Investment Bank Vice President Charged with Insider Trading
The Securities and Exchange Commission charged a vice president in the risk management department of a Utah-based investment bank with insider trading on confidential information he learned in advance of a private equity firm’s acquisition of a publicly-traded technology company.
The SEC alleges that Avaneesh Krishnamoorthy learned that Golden Gate Capital planned to acquire Neustar Inc., and he then began trading in Neustar securities. The trading took place in two brokerage accounts that Krishnamoorthy allegedly kept hidden from his employer, which had been approached by Golden Gate Capital to finance the transaction. According to the SEC’s complaint, Krishnamoorthy made approximately $48,000 in illicit profits.
“As alleged in our complaint, Krishnamoorthy was entrusted with confidential, market-moving information by his employer and he misused it for personal gain,” said Andrew M. Calamari.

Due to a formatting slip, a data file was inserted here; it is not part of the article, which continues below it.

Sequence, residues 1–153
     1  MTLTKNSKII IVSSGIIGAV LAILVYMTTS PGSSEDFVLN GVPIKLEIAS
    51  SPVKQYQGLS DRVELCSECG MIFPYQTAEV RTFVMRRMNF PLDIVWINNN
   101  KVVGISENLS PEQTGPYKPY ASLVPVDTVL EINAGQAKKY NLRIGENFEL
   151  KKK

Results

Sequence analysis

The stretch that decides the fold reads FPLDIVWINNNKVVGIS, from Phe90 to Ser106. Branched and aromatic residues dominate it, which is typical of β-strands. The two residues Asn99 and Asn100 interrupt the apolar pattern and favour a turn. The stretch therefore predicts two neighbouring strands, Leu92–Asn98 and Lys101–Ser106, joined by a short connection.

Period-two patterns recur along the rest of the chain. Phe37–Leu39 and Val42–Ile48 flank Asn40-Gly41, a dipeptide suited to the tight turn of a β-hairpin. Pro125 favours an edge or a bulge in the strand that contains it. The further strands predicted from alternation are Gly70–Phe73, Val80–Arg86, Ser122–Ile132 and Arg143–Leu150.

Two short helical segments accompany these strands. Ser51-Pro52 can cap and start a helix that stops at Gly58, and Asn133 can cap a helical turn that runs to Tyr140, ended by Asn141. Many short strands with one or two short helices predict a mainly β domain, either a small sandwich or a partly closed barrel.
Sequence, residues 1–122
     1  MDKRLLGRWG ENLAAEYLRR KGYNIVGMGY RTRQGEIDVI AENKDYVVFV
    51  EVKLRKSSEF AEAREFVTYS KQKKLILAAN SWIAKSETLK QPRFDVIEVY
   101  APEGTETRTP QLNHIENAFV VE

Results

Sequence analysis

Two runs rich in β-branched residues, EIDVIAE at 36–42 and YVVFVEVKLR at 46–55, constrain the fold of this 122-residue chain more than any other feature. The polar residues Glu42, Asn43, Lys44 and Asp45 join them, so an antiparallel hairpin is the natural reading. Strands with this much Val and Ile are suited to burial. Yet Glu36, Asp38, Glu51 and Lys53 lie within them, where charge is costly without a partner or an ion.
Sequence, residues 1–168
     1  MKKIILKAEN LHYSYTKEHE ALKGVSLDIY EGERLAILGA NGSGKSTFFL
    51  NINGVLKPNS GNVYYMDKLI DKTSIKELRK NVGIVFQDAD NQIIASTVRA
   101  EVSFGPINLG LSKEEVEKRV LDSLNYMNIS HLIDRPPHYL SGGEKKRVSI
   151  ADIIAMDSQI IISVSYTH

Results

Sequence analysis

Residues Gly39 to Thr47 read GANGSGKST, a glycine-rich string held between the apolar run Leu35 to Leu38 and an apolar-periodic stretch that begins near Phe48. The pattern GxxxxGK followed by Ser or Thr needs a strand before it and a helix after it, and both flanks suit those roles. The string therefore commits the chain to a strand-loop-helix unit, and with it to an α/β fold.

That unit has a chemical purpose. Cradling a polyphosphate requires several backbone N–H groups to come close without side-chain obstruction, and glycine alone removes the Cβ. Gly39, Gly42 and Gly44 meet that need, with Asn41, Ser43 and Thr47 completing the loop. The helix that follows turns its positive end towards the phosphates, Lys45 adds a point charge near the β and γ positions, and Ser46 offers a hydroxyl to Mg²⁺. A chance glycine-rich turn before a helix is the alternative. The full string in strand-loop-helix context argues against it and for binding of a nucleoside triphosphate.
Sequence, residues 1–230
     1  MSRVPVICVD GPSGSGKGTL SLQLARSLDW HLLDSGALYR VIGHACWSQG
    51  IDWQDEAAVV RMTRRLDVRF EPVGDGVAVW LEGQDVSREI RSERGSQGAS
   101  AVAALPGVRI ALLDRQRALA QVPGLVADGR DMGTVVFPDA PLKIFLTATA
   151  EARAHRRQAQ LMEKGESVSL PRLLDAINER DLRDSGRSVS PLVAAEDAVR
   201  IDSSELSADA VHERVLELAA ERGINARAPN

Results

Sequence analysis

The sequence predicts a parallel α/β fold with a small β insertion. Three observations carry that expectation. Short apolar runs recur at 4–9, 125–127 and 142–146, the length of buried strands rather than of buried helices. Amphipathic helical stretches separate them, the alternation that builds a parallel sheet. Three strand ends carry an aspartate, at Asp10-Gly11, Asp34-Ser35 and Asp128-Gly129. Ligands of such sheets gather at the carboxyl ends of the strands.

In a parallel action, the U.S. Attorney’s Office for the Southern District of Utah today filed criminal charges against Krishnamoorthy.
The SEC is seeking an emergency court order to freeze the assets in the brokerage accounts belonging to Krishnamoorthy and his wife, who has been named as a relief defendant in the SEC’s complaint for purposes of recovering allegedly ill-gotten gains in the account in her name. The complaint charges Krishnamoorthy with violating Section 17(a) of the Securities Act of 1933 as well as Section 10(b) of the Securities Exchange Act of 1934 and Rule 10b-5.